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Re: Bearikade Question

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  • mvkazit
    Create a paper model box (the have sizes on site) and try it ;)
    Message 1 of 2 , Jun 29, 2009
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      Create a paper model box (the have sizes on site) and try it ;)

      --- In johnmuirtrail@yahoogroups.com, "Bob Bankhead" <wandering_bob@...> wrote:
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      > John's theory is correct. Respectfully, let me point out the following:
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      > A similar theory says that because I've actually done successive 28 mile days in the past, I should be able to cruise through the Sierra at that pace. Reality however is something else entirely, given the differences in topography between the Sierra and the locales where I did my earlier 28 mile days. So goes the discussion of how much "stuff" will fit into a fixed spatial volume.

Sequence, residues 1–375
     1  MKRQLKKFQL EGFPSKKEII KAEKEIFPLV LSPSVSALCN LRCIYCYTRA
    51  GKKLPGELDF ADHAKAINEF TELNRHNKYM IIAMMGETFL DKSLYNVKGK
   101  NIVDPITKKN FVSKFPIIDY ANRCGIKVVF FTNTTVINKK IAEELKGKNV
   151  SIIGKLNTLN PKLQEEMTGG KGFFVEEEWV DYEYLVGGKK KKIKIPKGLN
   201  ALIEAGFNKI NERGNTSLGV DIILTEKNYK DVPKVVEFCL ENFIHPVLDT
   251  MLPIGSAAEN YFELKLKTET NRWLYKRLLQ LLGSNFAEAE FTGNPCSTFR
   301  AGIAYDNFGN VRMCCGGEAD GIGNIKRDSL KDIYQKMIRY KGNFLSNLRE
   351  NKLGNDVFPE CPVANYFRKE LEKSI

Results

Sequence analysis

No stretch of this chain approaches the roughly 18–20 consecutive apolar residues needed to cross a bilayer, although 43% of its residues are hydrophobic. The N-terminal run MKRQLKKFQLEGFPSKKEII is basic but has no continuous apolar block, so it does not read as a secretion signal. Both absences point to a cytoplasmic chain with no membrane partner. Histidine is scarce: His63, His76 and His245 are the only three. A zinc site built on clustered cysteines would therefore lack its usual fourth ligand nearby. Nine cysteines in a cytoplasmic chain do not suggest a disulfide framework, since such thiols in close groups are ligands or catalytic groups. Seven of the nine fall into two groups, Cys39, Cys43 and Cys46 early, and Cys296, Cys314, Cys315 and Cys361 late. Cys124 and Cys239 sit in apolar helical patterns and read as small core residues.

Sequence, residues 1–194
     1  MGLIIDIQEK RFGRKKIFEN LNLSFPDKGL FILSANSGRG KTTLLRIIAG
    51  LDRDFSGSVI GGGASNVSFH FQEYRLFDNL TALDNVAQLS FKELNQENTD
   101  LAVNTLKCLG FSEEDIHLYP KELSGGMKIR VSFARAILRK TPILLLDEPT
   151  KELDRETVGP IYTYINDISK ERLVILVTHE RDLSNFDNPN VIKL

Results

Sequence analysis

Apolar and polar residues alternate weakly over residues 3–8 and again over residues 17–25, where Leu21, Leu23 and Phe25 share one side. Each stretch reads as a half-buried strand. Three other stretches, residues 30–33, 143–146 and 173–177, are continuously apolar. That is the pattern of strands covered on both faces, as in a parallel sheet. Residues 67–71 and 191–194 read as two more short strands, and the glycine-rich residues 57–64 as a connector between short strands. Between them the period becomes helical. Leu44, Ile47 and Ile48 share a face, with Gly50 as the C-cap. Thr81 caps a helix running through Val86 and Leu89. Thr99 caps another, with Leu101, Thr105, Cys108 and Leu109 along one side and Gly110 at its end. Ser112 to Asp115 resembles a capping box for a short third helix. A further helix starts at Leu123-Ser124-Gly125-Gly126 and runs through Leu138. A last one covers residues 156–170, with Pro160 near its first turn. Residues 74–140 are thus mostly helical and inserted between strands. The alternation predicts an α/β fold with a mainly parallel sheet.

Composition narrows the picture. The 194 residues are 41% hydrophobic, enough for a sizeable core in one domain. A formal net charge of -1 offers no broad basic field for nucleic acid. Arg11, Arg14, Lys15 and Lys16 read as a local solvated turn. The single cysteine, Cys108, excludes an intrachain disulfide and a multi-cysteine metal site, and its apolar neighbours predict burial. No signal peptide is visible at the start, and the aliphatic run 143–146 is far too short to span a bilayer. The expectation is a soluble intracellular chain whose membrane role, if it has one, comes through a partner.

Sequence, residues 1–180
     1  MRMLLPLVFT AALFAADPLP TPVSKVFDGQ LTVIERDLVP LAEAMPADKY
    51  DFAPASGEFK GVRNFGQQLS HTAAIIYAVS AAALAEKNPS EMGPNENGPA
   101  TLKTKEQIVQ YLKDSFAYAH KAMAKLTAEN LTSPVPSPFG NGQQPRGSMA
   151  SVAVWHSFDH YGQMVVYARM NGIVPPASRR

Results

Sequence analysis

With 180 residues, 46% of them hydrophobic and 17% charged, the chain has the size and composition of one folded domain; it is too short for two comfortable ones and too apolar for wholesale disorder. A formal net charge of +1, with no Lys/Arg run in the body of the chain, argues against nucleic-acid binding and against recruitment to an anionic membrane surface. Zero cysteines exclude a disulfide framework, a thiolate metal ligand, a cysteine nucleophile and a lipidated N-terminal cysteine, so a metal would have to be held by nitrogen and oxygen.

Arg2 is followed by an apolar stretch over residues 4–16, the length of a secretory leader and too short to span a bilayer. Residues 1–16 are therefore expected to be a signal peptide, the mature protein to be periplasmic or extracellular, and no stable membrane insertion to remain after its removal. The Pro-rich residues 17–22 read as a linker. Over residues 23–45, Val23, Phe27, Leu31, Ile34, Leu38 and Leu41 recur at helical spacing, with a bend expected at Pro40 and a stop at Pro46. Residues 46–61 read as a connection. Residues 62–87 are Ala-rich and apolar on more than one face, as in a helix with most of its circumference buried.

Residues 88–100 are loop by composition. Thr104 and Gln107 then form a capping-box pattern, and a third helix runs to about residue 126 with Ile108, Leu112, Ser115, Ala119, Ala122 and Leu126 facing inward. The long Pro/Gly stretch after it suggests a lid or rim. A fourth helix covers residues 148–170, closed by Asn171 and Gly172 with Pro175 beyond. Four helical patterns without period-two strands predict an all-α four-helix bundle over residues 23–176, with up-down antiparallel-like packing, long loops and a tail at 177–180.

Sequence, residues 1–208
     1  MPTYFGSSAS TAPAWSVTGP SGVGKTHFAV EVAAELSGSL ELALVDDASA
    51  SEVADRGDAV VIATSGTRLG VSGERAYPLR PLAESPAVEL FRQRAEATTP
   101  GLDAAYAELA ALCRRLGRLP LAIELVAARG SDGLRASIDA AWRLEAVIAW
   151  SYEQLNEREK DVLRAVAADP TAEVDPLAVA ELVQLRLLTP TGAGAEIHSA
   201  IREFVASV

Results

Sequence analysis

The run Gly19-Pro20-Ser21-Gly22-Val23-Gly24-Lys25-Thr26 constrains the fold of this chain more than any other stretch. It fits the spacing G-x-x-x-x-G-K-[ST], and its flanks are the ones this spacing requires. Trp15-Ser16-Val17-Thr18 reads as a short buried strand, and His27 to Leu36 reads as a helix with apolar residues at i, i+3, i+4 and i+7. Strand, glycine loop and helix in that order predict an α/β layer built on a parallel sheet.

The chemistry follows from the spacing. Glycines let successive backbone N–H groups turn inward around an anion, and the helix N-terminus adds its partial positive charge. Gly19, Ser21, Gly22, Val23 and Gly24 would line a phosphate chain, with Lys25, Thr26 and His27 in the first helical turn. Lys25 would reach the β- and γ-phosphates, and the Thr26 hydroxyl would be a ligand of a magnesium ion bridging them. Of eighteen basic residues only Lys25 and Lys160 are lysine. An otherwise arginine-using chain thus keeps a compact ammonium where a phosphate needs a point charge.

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      > My "stuff" and your "stuff" may weigh exactly the same but take up significantly dissimilar volumes (5 pounds of lead vs. 5 pounds of iron). See John's comments regarding freeze-dried meals.
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      > Similarly, the shape and/or of the "stuff" significantly affects the ability to pack it into a fixed cylindrical container. See John's comment about "no voids". I could fill a canister with Hammer Perpetium powder with almost no void space, but the same canister filled with tennis balls would have lots of voids (aka unused space). It all hinges on WHAT constitutes our respective "stuffs".
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      > An important factor to remember is that the current day's food and snacks does not have to be in the canister as long as it's always on your person. For most of us, that means "in your pack under your control - no walking away from your pack to take a swim". Therefore, you can deduct one day's food from the "stuff" you're trying to jam into the can.
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